- Two men seriously hurt in crash near Fruitland (9/21/16)3
- Driver charged with manslaughter in crash that killed 2 (9/27/16)
- Perryville man arrested for alleged patronizing prostitution, harassment (9/23/16)6
- Video and evidence largely confirm trooper's claims in April traffic stop shooting (9/23/16)9
- Cape man may lose eye after shovel beating, police say (9/25/16)2
- Funeral procession of former Cape Girardeau police chief Henry H. Gerecke (9/22/16)17
- Cape man accused of attacking pregnant girlfriend (9/22/16)
- Planning, design puts renovations of H-H building into hotel on hold (9/26/16)5
- Show Me Center upgrades may allow facility to draw more elaborate shows (9/21/16)17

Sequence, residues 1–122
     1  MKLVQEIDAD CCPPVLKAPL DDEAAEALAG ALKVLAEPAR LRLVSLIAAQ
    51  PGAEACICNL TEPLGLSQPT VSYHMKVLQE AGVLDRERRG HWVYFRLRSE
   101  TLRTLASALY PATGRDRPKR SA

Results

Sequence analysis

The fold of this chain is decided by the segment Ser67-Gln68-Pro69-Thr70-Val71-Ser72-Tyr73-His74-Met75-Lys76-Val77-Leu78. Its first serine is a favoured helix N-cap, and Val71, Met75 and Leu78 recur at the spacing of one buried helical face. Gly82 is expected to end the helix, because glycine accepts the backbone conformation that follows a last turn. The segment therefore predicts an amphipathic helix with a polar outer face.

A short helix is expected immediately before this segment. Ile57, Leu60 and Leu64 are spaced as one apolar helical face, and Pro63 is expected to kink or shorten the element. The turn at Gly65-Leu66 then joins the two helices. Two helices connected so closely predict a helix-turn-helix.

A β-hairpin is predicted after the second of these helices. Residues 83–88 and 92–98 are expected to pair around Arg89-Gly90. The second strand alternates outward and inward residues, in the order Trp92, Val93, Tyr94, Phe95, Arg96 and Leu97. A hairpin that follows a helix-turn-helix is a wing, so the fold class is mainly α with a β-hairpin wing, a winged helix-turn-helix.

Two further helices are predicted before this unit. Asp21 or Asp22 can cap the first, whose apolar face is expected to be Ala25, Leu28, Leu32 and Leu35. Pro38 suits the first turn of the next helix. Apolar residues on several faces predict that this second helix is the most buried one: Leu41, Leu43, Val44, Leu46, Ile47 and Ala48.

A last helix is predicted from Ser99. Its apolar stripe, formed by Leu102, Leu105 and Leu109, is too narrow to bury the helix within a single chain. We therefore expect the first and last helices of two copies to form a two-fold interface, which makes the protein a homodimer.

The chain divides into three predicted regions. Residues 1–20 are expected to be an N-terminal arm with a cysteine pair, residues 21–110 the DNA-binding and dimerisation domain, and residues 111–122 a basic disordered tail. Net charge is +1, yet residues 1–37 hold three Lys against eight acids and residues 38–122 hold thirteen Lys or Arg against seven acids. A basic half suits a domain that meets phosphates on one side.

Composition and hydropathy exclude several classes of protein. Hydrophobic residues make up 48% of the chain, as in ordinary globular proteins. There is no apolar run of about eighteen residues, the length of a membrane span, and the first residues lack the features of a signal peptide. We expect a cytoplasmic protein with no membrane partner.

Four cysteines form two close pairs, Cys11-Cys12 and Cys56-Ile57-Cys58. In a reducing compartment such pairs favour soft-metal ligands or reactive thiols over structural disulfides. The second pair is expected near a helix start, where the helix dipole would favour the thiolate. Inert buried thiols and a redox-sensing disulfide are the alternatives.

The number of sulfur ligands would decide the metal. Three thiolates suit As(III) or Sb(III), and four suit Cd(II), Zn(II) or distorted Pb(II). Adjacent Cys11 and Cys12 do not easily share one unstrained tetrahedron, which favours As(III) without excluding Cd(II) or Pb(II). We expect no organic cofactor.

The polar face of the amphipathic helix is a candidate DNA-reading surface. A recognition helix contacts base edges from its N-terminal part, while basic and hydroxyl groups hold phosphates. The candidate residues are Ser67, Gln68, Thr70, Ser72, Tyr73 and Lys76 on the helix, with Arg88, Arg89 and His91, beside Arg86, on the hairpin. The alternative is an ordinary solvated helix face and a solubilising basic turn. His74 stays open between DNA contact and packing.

- Woman accused of pushing Wal-Mart employee after theft (9/27/16)
Eliminate government waste
I first learned about government budgeting while flying B-52s back in the 1980s. Military vets know the significance of Sept. 30, the last day of the federal fiscal year.
As that date approached, our crew was completing a mission too long to conduct additional training like practicing approaches back at base. Asking for permission to land early, the CP responded that the wing commander directed us to fly out our time so he could meet the annual flying hour budget. We sat in holding over the base for 45 minutes, burning about 3,000 gallons of JP-4, just to make the numbers work.
It is a common perception in government culture that if you don't spend your budget, it will be reduced next year. This wastefulness should not be tolerated or encouraged. Texas congressman Ron Paul set the example this year. His congressional staff came in $100,000 under budget.
LARRY BILL, 2543 Prairie View Trail, Jackson, MO 63755